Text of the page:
Indeed, Brown uses the “religion against science” theme as a leitmotiv that comes up again and again in the book. Let me give a few striking examples:

  • “Science has now provided answers to almost every question man can ask. There are only a few questions left, and they are the esoteric ones. Where do we come from? What are we doing here? What is the meaning of life and the universe? […] ‘And these are the questions CERN is trying to answer?’ Correction. These are the questions we are answering.” (p. 43)
  • “The church may not be burning scientists at the stake anymore, but if you think they’ve released their reign over science, ask yourself why half the schools in your country [the US] are not allowed to teach evolution…” (p. 65) If that sounds wildly exaggerated, consider the fact that toward the end of the book, Brown reveals that the reason why the CERN director is both paralyzed and staunchly anti-religious is the refusal by his deeply religious parents to allow doctors to give him medicine (in Germany during the 1950’s!) when he got seriously sick as a child…
  • In the course of the plot, some banners are hung by the religious crowd that read: “Antimatter is the Antichrist! Scientist = Satanist”… (p. 515)
  • “Satan is shrewd. As time passed, he cast off his diabolical countenance for a new face… the face of pure reason.” (p. 575)
  • The reemergence of the Illuminati in recent times (in the novel, that is) is described as: “It seemed that after centuries of persecution, science had bitten back.” (p. 191)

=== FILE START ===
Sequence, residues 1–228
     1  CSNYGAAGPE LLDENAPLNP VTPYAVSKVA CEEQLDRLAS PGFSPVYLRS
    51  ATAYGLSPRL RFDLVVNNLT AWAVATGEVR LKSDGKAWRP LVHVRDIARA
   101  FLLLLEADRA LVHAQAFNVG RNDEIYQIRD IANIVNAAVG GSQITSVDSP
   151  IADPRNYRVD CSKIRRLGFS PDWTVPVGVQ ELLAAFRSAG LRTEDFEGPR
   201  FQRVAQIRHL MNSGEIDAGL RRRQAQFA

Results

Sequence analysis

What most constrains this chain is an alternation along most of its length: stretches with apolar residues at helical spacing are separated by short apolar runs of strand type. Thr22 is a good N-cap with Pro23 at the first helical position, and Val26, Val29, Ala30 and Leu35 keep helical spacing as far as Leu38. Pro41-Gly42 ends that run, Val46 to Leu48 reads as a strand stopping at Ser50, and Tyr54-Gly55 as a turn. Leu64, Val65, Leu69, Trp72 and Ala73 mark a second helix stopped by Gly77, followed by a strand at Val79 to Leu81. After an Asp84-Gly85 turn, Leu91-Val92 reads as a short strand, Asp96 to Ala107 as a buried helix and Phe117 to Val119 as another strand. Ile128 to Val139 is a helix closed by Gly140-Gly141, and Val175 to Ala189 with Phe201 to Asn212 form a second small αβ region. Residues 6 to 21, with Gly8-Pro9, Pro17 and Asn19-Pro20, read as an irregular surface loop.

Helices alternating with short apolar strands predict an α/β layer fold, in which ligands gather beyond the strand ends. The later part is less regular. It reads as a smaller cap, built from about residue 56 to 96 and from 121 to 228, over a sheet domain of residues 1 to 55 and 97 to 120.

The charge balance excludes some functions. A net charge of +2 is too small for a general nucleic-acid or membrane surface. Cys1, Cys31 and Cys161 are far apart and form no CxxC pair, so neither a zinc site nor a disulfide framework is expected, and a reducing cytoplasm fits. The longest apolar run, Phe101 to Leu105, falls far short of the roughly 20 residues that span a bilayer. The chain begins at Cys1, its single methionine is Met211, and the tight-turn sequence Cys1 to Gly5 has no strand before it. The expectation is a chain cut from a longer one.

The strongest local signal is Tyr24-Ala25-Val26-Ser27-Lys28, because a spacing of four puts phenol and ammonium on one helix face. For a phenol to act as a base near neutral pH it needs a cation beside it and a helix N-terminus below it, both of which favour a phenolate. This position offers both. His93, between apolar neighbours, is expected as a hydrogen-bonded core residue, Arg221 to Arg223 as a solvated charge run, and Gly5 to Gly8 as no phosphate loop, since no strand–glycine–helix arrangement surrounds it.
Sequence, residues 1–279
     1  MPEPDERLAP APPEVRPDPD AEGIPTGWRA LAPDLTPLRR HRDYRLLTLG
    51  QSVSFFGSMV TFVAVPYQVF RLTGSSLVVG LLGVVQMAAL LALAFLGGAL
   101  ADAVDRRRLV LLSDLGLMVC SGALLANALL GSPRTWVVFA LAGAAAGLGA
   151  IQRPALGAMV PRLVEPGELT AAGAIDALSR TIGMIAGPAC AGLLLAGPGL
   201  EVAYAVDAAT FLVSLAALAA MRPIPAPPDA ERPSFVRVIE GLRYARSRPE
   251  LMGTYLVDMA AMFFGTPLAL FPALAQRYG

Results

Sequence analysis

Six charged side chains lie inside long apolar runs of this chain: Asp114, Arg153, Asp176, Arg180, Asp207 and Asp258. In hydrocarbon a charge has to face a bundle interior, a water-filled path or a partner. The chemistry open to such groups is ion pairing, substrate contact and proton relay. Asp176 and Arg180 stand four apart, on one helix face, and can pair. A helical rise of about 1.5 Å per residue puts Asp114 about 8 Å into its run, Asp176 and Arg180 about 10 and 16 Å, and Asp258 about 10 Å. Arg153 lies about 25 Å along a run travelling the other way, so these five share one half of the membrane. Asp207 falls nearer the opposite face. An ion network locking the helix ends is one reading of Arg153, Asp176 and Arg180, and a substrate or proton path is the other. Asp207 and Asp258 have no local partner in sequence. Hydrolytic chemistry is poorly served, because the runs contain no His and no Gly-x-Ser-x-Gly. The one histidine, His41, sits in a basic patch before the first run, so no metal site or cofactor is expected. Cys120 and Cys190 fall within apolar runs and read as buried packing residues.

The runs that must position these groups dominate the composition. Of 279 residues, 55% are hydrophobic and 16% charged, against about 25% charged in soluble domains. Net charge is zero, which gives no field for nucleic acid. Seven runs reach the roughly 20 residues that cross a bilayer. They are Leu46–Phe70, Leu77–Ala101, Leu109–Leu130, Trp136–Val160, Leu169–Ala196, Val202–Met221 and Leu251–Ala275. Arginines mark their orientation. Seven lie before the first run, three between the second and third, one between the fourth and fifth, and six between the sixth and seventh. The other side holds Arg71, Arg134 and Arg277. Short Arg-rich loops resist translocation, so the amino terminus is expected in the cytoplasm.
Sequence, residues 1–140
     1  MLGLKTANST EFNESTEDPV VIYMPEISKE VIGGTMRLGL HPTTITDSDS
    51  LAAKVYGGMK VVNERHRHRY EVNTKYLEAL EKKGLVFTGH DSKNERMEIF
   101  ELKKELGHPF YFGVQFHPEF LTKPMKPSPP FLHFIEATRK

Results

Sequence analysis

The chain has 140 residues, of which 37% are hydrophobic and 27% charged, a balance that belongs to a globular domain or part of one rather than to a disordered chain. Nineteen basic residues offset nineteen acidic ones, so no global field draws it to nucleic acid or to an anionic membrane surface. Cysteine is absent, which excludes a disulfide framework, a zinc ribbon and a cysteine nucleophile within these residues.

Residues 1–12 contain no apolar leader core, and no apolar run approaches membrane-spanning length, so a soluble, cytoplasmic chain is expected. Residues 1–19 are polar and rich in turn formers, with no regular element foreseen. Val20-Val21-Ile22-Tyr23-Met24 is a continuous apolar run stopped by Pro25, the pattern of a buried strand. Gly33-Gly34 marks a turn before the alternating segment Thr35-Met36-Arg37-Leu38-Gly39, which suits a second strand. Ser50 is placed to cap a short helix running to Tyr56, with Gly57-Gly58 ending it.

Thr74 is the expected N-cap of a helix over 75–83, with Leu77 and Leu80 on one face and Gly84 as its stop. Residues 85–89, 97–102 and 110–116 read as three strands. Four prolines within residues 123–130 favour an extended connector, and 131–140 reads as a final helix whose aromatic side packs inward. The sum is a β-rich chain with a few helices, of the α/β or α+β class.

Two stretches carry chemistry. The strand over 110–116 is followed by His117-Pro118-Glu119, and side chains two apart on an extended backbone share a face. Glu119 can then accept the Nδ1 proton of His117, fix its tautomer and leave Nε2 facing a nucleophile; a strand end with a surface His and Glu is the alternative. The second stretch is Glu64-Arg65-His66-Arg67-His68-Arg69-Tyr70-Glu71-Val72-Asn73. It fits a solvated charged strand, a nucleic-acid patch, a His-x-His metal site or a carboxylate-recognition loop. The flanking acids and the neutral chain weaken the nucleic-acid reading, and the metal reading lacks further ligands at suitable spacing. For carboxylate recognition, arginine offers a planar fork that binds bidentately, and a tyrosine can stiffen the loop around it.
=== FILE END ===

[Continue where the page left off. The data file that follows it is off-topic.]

• “CERN scientists have been criticizing Vatican policies for decades. They regularly petition us [the Vatican] for retraction of the Creationist theory, formal apologies for Galileo and Copernicus, repeal of our criticism against dangerous or immoral research…” (p. 159) “The Vatican called CERN from time to time as a ‘courtesy’ before issuing scathing statements condemning CERN’s research – most recently for CERN’s breakthroughs in nanotechnology, a field the church denounced because of its implications for genetic engineering…” (p. 367)
  • The CERN director “was sickened by the opulence of the Hallway of the Belvedere. The gold leaf in the ceiling alone probably could have funded a year’s worth of cancer research.” (p. 495-6)
  • “[Vetra, the scientist-priest] was considered dangerous by many purists at CERN. Fusing science and God is the ultimate scientific blasphemy.” (p. 503)
  • In the world-televised address that the papal chamberlain gives toward the end of the novel, he reinforces the belief that science and religion are fundamentally different and thus cannot be allies: “For centuries, the church has stood by while science picked away at religion bit by bit. Debunking miracles. Training the mind to overcome the heart. Condemning religion as the opiate of the masses. They denounce God as a hallucination – a delusional crutch for those too weak to accept that life is meaningless…. What is wrong with the admission that something exists beyond our understanding? The day science substantiates God in a lab is the day people stop needing faith!… Science, by definition, is soulless. Divorced from the heart…. But when science heralds its Godless pursuit as the enlightened path? Promising answers to questions whose beauty is that they have no answers?… No.” (p. 585-6)